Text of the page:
What is Bitcoin?

What is Bitcoin?

Cryptocurrency has gone truly mainstream over the past couple of years – and no form of crypto is more ubiquitous than Bitcoin (CRYPTO: BTC)

Sometimes referred to as ‘digital gold’, Bitcoin is the oldest and most valuable cryptocurrency, with a market capitalisation approaching US$900 billion as of January 2022 (though it has previously topped US$1 trillion). However, as with many cryptos, Bitcoin still remains a bit of a mystery to many investors.

In this article, we will explain what Bitcoin is and the technology that makes it possible, so strap yourselves in.

What is Bitcoin?

Bitcoin is a type of digital asset. It is the first – and still, the most widely recognised and traded – cryptocurrency ever created. Like any traditional currency, Bitcoin can be used as a medium of exchange, although it is more popularly seen as part of a new and speculative investment class. Unlike traditional currency, Bitcoin is entirely digital, meaning there are no physical Bitcoin notes or coins in circulation.

Bitcoin’s origins remain shrouded in mystery, with its creator’s true identity still unknown. While Bitcoin was apparently conceived by a Japanese coder named Satoshi Nakamoto, no one has yet been able to confirm any details about Nakamoto, including their real name or whereabouts, and no viable candidates have so far presented themselves.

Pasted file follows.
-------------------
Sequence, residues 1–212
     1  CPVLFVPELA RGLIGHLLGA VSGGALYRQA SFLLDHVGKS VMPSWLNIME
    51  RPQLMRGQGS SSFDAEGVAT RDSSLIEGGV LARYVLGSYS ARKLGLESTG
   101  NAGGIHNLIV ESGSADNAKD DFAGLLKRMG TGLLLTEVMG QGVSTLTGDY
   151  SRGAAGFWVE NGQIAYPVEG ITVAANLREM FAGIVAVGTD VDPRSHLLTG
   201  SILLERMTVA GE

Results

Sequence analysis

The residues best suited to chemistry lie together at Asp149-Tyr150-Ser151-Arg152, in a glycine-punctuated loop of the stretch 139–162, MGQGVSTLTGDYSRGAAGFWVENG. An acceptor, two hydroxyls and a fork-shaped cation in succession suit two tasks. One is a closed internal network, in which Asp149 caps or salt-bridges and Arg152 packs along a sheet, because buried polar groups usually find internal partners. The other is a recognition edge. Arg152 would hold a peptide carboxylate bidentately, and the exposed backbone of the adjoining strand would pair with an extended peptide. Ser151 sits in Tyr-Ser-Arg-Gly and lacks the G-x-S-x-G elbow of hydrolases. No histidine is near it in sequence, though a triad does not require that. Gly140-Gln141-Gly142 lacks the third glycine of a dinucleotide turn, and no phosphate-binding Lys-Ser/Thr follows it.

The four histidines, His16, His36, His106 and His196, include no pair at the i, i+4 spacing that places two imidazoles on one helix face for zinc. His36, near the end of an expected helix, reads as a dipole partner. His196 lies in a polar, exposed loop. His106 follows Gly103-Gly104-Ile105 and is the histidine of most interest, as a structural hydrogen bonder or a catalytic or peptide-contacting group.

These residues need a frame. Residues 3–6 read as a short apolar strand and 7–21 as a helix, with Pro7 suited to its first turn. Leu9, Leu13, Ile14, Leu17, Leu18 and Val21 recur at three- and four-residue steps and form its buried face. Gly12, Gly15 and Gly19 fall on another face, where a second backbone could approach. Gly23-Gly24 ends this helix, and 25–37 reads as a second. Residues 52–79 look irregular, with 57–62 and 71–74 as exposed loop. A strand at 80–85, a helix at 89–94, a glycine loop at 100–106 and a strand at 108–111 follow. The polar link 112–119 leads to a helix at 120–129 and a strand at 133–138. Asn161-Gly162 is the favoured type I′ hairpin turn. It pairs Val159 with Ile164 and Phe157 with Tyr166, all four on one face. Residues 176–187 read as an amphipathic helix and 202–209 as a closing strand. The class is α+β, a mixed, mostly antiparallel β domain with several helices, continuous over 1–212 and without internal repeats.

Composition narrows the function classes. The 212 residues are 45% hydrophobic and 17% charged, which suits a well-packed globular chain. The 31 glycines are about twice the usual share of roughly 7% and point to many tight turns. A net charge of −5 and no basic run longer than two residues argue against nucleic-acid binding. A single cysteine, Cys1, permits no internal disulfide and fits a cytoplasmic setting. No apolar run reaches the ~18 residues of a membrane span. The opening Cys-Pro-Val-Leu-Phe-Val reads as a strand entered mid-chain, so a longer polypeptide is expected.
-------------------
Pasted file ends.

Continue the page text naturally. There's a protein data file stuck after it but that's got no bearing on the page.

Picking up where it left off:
Whatever their true identity, someone claiming to be Nakamoto published a paper titled Bitcoin: A Peer-to-Peer Electronic Cash System in October 2008. The paper proposed a new type of digital payments network that would allow users to transact directly with one another, without the need for financial intermediaries like banks. This network – now better known as a blockchain – sought to remove central sources of authority from the financial system. It also created the world’s first digital currency: Bitcoin.

What is a Blockchain?

In the paper, Nakamoto described the proposed network as “a system for electronic transactions without relying on trust”. Traditional financial systems are opaque. As customers, we invest a lot of our trust in banks and other financial services providers to execute our transactions faithfully. But a blockchain is transparent, removing the need to trust any central authority.